horn has a rest frequency of f0, what
frequency does your friend hear ?

a) lower than f0
b) equal to f0
c) higher than f0

Question 14.15b Doppler Effect II


You are heading toward an island in a
speedboat and you see your friend
standing on the shore, at the base of
a cliff. You sound the boats horn to
alert your friend of your arrival. If the
horn has a rest frequency of f0, what

a) lower than f0
b) equal to f0
c) higher than f0

frequency does your friend hear ?

Due to the approach of the source toward the stationary


observer, the frequency is shifted higher.
higher This is the
same situation as depicted in the previous question.

Question 14.15c Doppler Effect III


In the previous question, the horn
had a rest frequency of f0, and we
found that your friend heard a
higher frequency f1 due to the
Doppler shift. The sound from
the boat hits the cliff behind your
friend and returns to you as an
echo. What is the frequency of
the echo that you hear?

a) lower than f0
b) equal to f0
c) higher than f0 but lower than f1
d) equal to f1
e) higher than f1

Question 14.15c Doppler Effect III


In the previous question, the horn
had a rest frequency of f0, and we
found that your friend heard a
higher frequency f1 due to the
Doppler shift. The sound from
the boat hits the cliff behind your
friend and returns to you as an
echo. What is the frequency of
the echo that you hear?

a) lower than f0
b) equal to f0
c) higher than f0 but lower than f1
d) equal to f1
e) higher than f1

The sound wave bouncing off the cliff has the same frequency f1
as the one hitting the cliff (what your friend hears). For the echo,
you are now a moving observer approaching the sound wave of
frequency f1 so you will hear an even higher frequency.
frequency

Question 14.16 Interference


Speakers A and B emit sound
waves of = 1 m, which
interfere constructively at a
donkey located far away (say,
200 m). What happens to the
sound intensity if speaker A
steps back 2.5 m?

A
B

a) intensity increases
b) intensity stays the same
c) intensity goes to zero
d) impossible to tell

Question 14.16 Interference


Speakers A and B emit sound
waves of = 1 m, which
interfere constructively at a
donkey located far away (say,
200 m). What happens to the
sound intensity if speaker A
steps back 2.5 m?

a) intensity increases
b) intensity stays the same
c) intensity goes to zero
d) impossible to tell

If = 1 m,
m then a shift of 2.5 m corresponds to 2.5 ,
which puts the two waves out of phase,
phase leading to
destructive interference.
interference The sound intensity will
therefore go to zero.

Follow-up: What if you


move back by 4 m?

A
B

Question 14.17a Standing Waves I


A string is clamped at both ends and
plucked so it vibrates in a standing
mode between two extreme
positions a and b. Let upward
motion correspond to positive
velocities. When the string is in
position b, the instantaneous
velocity of points on the string:

a) is zero everywhere
b) is positive everywhere
c) is negative everywhere
d) depends on the position
along the string

Question 14.17a Standing Waves I


A string is clamped at both ends and
plucked so it vibrates in a standing
mode between two extreme
positions a and b. Let upward
motion correspond to positive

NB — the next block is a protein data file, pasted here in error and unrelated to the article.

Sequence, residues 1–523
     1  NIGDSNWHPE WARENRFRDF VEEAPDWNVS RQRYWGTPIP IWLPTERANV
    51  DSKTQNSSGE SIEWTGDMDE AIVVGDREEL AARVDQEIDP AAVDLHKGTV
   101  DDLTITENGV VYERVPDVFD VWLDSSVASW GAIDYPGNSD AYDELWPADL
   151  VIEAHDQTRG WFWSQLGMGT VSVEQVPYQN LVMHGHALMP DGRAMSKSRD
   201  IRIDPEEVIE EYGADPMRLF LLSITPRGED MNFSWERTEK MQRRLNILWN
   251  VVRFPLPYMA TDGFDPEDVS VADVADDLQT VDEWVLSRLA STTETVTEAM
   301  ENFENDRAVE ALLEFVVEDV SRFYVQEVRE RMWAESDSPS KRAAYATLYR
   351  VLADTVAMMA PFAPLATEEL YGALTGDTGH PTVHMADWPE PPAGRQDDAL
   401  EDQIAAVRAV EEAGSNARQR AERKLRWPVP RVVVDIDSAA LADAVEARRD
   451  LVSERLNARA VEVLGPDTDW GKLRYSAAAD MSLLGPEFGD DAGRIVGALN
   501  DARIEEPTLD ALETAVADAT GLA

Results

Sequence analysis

velocities. When the string is in
position b, the instantaneous
velocity of points on the string:

a) is zero everywhere
b) is positive everywhere
c) is negative everywhere
d) depends on the position
along the string

Observe two points:


Just before b

Just after b

Both points change direction before and after b,


so at b all points must have zero velocity.

Question 14.17b Standing Waves II


A string is clamped at both ends and
plucked so it vibrates in a standing
mode between two extreme
positions a and b. Let upward
motion correspond to positive
velocities. When the string is in
position c, the instantaneous
velocity of points on the string:

a) is zero everywhere
b) is positive everywhere
c) is negative everywhere
d) depends on the position
along the string

a
c
b

Question 14.17b Standing Waves II


A string is clamped at both ends and
plucked so it vibrates in a standing
mode between two extreme
positions a and b. Let upward
motion correspond to positive
velocities. When the string is in
position c, the instantaneous
velocity of points on the string:
When the string is flat, all points are
moving through the equilibrium
position and are therefore at their
maximum velocity. However, the
direction depends on the location of
the point. Some points are moving
upward rapidly, and some points are
moving downward rapidly.

a) is zero everywhere
b) is positive everywhere
c) is negative everywhere
d) depends on the position
along the string

a
c
b

Question 14.18 Beats


The traces below show beats that
occur when two different pairs of
waves interfere. For which case is
the difference in frequency of the
original waves greater?

Pair 1

a) pair 1
b) pair 2
c) same for both pairs
d) impossible to tell by just
looking

Pair 2

Question 14.18 Beats


The traces below show beats that
occur when two different pairs of
waves interfere. For which case is
the difference in frequency of the
original waves greater?

a) pair 1
b) pair 2
c) same for both pairs
d) impossible to tell by just
looking

Recall that the beat frequency is the difference in frequency


between the two waves: fbeat = f2 f1.
Pair 1 has the greater beat frequency (more oscillations in same
time period), so pair 1 has the greater frequency difference.
difference

Pair 1

Pair 2